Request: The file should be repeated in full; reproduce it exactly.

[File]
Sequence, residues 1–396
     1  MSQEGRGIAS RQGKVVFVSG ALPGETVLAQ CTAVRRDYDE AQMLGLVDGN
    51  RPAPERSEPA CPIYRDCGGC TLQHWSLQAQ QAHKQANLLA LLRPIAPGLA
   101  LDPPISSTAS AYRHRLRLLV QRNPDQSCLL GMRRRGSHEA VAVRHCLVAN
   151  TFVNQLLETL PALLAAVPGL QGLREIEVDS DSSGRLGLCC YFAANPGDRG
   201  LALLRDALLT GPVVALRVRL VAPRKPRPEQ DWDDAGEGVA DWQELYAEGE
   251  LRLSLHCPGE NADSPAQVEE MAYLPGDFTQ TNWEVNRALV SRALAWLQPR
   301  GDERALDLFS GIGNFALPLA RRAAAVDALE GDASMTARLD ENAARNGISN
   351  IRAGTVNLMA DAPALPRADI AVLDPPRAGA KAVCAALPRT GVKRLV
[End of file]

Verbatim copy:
Sequence, residues 1–396
     1  MSQEGRGIAS RQGKVVFVSG ALPGETVLAQ CTAVRRDYDE AQMLGLVDGN
    51  RPAPERSEPA CPIYRDCGGC TLQHWSLQAQ QAHKQANLLA LLRPIAPGLA
   101  LDPPISSTAS AYRHRLRLLV QRNPDQSCLL GMRRRGSHEA VAVRHCLVAN
   151  TFVNQLLETL PALLAAVPGL QGLREIEVDS DSSGRLGLCC YFAANPGDRG
   201  LALLRDALLT GPVVALRVRL VAPRKPRPEQ DWDDAGEGVA DWQELYAEGE
   251  LRLSLHCPGE NADSPAQVEE MAYLPGDFTQ TNWEVNRALV SRALAWLQPR
   301  GDERALDLFS GIGNFALPLA RRAAAVDALE GDASMTARLD ENAARNGISN
   351  IRAGTVNLMA DAPALPRADI AVLDPPRAGA KAVCAALPRT GVKRLV